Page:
Nisqually NWR information series

Discussion in 'Washington Flyway Forum' started by All Day, Dec 25, 2017.

  1. WidgeonmanGH

    WidgeonmanGH Elite Refuge Member

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    If you really believe that then I have a management plan I would like to sell you.:doh :rolleyes: lol They absolutely did know it would negatively impact the duck numbers and hunter numbers in the refuge. I had a number of conversations with the fellow who took the data. He said that he told them that very thing multiple times in various meetings and public "forums" (aka - complain-so-we-can-say-we-consulted-you-we-are-doing-it-anyway-meetings). And you have the DU stamp of approval with the ever popular caveat of "well it was the best we could do" and "urban sprawl" and yada yada yada as they reduce hunter numbers and access.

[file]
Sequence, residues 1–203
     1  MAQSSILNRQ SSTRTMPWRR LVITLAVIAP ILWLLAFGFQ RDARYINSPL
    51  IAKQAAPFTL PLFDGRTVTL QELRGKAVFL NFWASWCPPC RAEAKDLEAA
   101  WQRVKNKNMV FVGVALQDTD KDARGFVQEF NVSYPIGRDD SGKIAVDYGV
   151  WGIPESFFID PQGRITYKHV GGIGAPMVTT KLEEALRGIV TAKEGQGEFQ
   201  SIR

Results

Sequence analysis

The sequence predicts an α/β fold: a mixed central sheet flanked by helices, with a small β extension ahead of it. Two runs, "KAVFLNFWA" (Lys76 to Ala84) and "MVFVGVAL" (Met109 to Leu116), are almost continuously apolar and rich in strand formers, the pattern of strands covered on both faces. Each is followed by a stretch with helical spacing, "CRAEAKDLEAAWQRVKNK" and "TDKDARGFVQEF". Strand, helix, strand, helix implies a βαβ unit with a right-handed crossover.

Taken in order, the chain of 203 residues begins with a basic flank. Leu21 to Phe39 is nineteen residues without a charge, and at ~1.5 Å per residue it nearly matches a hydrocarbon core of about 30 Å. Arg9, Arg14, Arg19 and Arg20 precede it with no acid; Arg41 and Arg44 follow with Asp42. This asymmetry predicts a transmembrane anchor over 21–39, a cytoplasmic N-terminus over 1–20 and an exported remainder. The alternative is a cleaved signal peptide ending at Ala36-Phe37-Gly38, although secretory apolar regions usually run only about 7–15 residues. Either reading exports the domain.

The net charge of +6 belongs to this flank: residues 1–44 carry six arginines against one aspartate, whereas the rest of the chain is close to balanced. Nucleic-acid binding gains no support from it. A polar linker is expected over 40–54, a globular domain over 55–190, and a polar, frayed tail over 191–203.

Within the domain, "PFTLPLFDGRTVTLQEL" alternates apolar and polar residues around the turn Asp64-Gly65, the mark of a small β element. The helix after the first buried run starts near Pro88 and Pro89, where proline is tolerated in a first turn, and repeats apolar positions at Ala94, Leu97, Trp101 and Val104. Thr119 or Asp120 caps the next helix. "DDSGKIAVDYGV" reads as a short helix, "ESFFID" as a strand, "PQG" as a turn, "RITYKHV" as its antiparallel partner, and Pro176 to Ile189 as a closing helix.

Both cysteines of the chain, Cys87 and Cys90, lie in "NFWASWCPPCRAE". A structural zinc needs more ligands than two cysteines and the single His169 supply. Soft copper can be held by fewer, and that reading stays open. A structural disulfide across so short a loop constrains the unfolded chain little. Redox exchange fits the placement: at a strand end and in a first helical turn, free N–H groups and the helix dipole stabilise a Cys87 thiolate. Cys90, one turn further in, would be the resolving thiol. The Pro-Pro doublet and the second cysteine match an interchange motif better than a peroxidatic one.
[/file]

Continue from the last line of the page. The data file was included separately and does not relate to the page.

Make no mistake it has not had an impact on duck populations or anything like that, it has merely shifted the migration patterns. I am guessing and of course it would be impossible to know, but I suspect the private farms and ponds and clubs have seen a nice bump, and Chehalis/Elma area as well. From my logs, what I have noticed is that the number of birds that actually winter in the Nisqually is down. I don't even bother with the last two weeks of the season any longer. In the long term, the migration probably has a greater shift to the greys harbor/costal route.